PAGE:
Tuesday, September 23, 2008

A Yad is not a Yard in Boston

With Rosh Hashanah approaching at the end of the month, and the expansion of our art glass Judaica line, I thought it would be appropriate at this time to explain some of the most interesting works of art depicting the pieces used in the rituals of the Jewish religion. One such item is the yad. Most yads found in homes and synagogues are made of metal. But leave it to an inspired artist, particularly a glass artist, and you will discover what we here at Crescent Moon have; simply the most beautiful works of art by a few Jewish artists. Wikipedia is my resource of choice to look up definitions or to sort out information. The wiki below provides the best explanation for a yad.

A yad (Hebrew: יד‎), literally, "hand," is a Jewish ritual pointer, used to point to the text during the Torah reading from the parchment Torah scrolls. It is intended to prevent anyone from touching the parchment, which is considered sacred; additionally, the fragile parchment can be damaged by the oils of the skin. While not required when chanting from the Torah, it is used frequently. A yad can be made of any number of materials, though silveris most common. The yad is often shaped like a long rod, with a small hand and an index finger pointing from it.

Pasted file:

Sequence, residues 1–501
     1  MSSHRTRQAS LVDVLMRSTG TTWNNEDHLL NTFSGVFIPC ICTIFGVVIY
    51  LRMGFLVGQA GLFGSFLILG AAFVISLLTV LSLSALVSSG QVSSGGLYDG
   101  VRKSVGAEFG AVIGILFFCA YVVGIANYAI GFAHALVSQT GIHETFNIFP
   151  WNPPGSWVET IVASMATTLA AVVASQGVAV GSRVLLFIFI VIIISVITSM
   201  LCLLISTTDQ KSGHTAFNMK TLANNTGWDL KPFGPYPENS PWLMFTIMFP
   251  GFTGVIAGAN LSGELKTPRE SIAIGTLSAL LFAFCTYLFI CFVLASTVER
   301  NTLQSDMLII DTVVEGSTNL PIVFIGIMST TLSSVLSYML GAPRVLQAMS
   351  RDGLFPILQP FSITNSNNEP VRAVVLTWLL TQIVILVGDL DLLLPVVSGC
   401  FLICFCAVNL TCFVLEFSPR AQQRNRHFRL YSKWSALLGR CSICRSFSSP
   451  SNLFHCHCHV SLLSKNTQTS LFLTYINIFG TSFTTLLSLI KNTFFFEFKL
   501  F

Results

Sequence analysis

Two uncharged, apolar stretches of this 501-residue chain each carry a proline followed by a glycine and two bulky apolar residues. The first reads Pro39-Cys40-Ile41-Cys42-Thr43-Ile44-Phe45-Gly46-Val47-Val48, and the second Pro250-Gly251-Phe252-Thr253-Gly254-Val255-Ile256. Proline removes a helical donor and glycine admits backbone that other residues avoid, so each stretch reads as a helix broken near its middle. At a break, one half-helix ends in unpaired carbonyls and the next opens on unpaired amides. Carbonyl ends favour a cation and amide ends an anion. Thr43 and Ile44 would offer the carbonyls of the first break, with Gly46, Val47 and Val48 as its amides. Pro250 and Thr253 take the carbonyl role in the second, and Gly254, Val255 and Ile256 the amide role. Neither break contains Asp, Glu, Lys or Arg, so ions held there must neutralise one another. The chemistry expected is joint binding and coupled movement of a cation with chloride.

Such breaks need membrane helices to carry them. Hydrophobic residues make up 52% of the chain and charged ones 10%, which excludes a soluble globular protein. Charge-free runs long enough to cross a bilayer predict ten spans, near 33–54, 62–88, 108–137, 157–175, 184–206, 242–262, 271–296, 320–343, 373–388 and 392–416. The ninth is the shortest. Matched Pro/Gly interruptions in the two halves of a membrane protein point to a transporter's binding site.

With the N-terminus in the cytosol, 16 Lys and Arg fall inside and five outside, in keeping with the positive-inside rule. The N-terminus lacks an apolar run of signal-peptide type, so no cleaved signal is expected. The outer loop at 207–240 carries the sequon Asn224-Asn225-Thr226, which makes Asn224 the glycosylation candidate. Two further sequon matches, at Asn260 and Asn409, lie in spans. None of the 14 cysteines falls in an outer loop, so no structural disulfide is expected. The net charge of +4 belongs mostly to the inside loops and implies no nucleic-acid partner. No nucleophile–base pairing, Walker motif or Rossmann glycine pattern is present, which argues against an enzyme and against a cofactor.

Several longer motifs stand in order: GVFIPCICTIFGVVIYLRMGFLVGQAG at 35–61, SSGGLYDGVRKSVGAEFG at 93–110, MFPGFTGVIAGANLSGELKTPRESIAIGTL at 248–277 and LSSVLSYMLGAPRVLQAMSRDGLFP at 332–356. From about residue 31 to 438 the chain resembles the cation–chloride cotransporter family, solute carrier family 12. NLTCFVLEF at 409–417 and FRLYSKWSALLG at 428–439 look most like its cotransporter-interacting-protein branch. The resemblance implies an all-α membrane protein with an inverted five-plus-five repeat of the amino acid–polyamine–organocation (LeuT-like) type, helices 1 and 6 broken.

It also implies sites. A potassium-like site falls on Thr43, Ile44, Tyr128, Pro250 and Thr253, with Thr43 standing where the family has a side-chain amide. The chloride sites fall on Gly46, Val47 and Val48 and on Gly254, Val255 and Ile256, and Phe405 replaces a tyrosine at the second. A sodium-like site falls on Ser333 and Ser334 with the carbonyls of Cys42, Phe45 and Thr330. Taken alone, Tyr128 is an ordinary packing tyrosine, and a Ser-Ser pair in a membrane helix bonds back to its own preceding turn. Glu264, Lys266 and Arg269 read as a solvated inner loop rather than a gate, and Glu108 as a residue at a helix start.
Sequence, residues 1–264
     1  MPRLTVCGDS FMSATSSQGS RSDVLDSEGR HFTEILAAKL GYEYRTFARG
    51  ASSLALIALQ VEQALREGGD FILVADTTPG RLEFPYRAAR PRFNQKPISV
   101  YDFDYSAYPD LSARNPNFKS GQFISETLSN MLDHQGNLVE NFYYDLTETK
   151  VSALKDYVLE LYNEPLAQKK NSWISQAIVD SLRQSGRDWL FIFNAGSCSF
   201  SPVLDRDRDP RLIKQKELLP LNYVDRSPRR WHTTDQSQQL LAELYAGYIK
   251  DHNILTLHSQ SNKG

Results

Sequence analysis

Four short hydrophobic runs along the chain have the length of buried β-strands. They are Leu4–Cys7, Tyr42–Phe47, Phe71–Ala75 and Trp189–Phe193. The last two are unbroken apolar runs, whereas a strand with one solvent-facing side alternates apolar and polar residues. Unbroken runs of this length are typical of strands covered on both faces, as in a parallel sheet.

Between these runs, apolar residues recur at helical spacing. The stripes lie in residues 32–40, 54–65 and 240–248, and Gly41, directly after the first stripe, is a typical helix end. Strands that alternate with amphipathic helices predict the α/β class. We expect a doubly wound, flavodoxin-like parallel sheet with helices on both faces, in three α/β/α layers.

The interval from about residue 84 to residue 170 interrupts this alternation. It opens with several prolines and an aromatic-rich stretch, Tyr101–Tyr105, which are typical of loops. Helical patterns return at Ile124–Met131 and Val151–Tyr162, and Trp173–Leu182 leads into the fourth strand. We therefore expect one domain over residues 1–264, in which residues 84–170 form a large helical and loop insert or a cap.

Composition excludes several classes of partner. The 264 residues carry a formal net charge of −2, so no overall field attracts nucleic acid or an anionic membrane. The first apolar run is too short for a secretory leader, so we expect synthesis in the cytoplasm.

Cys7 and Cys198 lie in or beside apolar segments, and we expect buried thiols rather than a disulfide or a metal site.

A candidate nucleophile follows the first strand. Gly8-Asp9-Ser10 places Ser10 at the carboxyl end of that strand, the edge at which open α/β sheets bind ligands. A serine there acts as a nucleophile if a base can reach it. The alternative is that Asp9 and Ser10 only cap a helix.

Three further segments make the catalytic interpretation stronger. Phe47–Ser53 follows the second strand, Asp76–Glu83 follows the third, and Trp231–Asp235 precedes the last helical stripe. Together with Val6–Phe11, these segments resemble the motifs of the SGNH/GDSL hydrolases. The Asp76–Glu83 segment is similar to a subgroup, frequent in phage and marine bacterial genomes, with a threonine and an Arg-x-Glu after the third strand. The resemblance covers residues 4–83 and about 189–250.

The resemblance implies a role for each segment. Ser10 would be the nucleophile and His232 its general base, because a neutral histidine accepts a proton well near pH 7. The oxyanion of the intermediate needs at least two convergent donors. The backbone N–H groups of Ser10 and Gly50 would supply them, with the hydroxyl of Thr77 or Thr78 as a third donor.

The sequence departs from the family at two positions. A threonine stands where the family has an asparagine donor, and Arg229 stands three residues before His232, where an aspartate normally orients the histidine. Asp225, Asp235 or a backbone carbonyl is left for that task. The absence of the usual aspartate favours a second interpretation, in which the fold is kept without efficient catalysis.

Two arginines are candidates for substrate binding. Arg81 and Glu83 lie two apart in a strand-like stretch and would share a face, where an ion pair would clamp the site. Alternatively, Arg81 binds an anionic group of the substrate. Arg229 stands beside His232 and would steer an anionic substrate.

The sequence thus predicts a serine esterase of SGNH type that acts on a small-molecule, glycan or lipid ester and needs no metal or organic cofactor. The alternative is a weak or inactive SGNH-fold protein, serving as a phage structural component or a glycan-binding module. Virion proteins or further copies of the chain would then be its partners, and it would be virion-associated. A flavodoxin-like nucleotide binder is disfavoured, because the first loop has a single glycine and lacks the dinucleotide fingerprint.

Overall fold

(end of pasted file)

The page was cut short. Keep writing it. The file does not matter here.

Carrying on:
Now that you know what a real yad is…you’ll never confuse it with a yard pronounced by a Bostonian! The picture above is a cobalt yad flame-worked by Andrew Pollack, a Crescent Moon artist from New Orleans, Louisiana. Crescent Moon has four other Judaica artists with Passover, Rosh Hashanah and Hanukah art glass items. More on the artists and art as we go along.

Friday, September 19, 2008

How in the world did we get here?

I need to start by saying "it was a 5 year plan that became a 2 year plan that became a 9 month plan within a 1 hour car ride back from the Atlantic City boat show in 2004. Everyone should have a plan B when you work in the corporate world for 25 plus years. Ours turned out to be moving aboard a 42ft. trawler. Downsizing again from our townhome on the bay in central NJ and leaving jobs. Well, it didn't take us long to realize we didn't want to live onboard in the winter in NJ, soooo we were very lucky to have my sister and brother-in-law living in Wilmington NC to be our support system there. We cruised south on the ICW in November 2006 and spent the winter in Southport NC, fell in love with the area, found out Crescent Moon was for sale, and made an agreement with the owners to buy it in January 2007. Whew, that was a major Plan B for two jerseyites used to secure 8-5 careers in business and 50 something to boot! We wouldn't reverse our decision for anything! We cruised on our roomy Jefferson sundeck back and forth, met wonderful cruising friends and continue to live aboard in Wilmington; now at Wilmington Marine Center on the Cape Fear River. So we are living and supporting Plan B as retail owners of the best little art glass shop on the east coast and loving it. And...we've got Plan C in our dreams, and who knows maybe Plan D that we will look forward to.